As Hurricane Sandy nears the coast, emergency management officials are gearing up for more downed power lines than soaked basements.
The National Weather Service of Albany reported Sunday evening that high winds will most likely cause more problems than rain.
“It’s not going to be pretty,” said meteorologist Evan Heller, describing what the predicted 34-mph sustained winds and 57-mph gusts would likely do to power lines and dead trees across the Capital Region.
He said to expect wind and rain to start at approximately 6 a.m. today, building to peak intensity 12 hours later. Wind will slacken in the small hours of Tuesday morning with rain persisting into Wednesday.
Saratoga and Schenectady are set to get between 1.5 and 2 inches of rain, with slightly more to the west in Schoharie and Montgomery counties.
“This is nothing to be trifled with,” Gov. Andrew Cuomo said at a storm-related meeting at the New York Power Authority plant at Cohoes on Sunday afternoon. “This is not a storm to be played with.”
The point was highlighted by President Barack Obama declaring New York state in a state of emergency.
The latest news from the National Weather Service for the Capital Region can be found HERE.
A continuous live feed from New York City, which will be hit first in the state by Hurricane Sandy, is being hosted at the Capital Region Scene.
The declaration allows the federal government to provide assistance to state and local governments for evacuation, shelters and other storm-related actions.
Since the New York Canal Corporation has drawn down water levels along the Mohawk Valley by 12 to 16 feet below navigable levels to accommodate the flood surge, Schenectady Mayor Gary McCarthy isn’t worried about flooding.
“We’re in pretty good shape,” he said, adding the predicted 2 inches of rain falls well within the city’s storm drain system capacity.
He’s more concerned with power outages. In the last few days, all city generator and vehicle fuel tanks have been topped off. The Bevis Hill reservoir that provides water to city residents is also at capacity, which McCarthy says will help keep water pressure up even if pump stations lose power during the storm.
To the west in Schoharie County, emergency management director Kevin Neary is on guard for a weather event of Tropical Storm Irene magnitude.
“We’ve worked all weekend to make sure we’re all at a high level of readiness,” he said. “[Sandy] might look like a smaller storm, but we don’t know that for sure.”
Over the last few days, Neary briefed most county and emergency services department heads on storm protocols. Local schools are prepped and ready to act as emergency shelters for displaced residents. He’s spent hours on the phone with the state Emergency Management Office, Canal Corp. and National Grid.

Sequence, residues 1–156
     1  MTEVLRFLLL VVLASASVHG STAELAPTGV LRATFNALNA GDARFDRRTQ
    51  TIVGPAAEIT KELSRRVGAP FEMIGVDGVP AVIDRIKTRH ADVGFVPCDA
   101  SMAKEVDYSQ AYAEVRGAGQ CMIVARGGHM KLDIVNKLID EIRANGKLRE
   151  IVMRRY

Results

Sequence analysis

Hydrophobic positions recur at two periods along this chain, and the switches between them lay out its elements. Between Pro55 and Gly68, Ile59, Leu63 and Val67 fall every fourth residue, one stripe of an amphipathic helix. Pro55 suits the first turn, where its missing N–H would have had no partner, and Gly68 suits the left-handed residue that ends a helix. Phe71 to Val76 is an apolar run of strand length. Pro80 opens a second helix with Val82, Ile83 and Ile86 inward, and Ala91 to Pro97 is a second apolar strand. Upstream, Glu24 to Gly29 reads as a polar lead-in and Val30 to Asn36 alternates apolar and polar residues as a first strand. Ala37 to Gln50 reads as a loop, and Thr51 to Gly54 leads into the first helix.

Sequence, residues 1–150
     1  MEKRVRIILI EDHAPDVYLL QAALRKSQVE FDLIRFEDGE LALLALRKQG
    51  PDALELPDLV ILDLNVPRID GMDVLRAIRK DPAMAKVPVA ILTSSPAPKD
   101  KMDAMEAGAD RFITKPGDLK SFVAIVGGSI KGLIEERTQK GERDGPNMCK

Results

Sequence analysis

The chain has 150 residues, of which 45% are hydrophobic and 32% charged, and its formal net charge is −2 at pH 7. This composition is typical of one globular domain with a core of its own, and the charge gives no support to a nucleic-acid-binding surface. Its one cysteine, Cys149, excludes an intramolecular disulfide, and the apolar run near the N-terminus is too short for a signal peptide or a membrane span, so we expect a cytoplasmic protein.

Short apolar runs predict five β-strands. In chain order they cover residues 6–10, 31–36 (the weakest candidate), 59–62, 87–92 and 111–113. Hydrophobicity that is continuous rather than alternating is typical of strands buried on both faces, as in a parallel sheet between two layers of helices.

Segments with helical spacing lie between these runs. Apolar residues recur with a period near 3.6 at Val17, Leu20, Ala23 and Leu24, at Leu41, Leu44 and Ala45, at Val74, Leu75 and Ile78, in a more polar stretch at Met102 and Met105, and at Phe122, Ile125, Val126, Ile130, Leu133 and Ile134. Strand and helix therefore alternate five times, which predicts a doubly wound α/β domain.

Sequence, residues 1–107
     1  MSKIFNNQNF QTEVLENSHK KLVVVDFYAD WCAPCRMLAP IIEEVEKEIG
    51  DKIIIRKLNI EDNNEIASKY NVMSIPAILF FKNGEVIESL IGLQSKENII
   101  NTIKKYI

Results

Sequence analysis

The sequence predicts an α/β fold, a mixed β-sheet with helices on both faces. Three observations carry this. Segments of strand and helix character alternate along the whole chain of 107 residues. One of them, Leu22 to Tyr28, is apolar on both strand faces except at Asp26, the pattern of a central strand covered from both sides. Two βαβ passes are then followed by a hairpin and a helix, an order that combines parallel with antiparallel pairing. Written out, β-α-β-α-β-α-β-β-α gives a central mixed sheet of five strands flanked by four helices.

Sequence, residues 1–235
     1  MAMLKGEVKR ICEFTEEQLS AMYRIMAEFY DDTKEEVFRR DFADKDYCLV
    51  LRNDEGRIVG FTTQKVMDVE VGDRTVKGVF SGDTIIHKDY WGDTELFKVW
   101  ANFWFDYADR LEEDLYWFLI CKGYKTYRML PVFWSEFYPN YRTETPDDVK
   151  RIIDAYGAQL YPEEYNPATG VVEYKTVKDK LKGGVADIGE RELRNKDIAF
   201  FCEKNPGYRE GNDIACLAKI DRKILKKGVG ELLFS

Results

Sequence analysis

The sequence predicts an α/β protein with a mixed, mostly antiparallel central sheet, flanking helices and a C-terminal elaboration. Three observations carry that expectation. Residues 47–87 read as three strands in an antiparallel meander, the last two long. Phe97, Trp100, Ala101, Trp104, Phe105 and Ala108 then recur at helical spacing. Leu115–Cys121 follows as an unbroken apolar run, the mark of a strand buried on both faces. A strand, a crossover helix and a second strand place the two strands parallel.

“We’ve been through this too much already to not be prepared this time,” he said.
Neary’s Montgomery County counterpart Adam Schwabrow is heading up a slightly more relaxed readiness system.
“There’s a reason to be prepared,” he said, “but we’re not at the panic point yet.”
As the NWS in Albany predicts more high winds than rain, the county heavy equipment stored in Fonda was moved to strategic locations along the river to help remove any downed trees or power lines.
“We’re ready,” he said. “Now we just have to wait. This is the hardest part of the storm.”
In Albany the Red Cross headquarters has been a hub of activity for a few days already, with hundreds of volunteers working in 12-hour shifts.
According to Red Cross Communications Director Caroline Boardman, they’re working to line up food and water supplies and staff for possible shelter locations in 17 counties from Poughkeepsie to Plattsburgh.
After the wind dies down, damage assessment teams will head out to see where aid is most needed.
“Especially in Schoharie, we might send disaster mental health professionals,” she said. “[Residents] went through it last year. The thought of going through it again is really hard to handle.”
As of Sunday night, government and emergency management organizations were as ready as possible.
“Government is working well and doing everything it can do,” Cuomo said, “but the public has a responsibility in this also.”
Based upon local hardware sales, the public seems to be stepping up.
Rhonda Hypnorowski, assistant manager of the Cambridge Road Home Depot in Schenectady, described a frantic scene Sunday morning.
“People were buying generators right off the pallet,” she said. “They didn’t even look at them or check the wattage or anything else.”
In just three hours they sold out of 19 $800 generators. Two were returned and purchased again before reaching the shelf.
Sales associate Liz Safford said they also sold out of D batteries. Flashlights, 24 packs of bottled water and sump pumps were also selling too fast to be restocked.
Safford said last year people stocked up before Irene, but not nearly as much.
The Freemans Bridge Road Lowe’s Home Improvement store in Glenville also sold out of generators, sump pumps and certain batteries.
“People are scared of this one,” she said. “They’re taking it seriously this time.”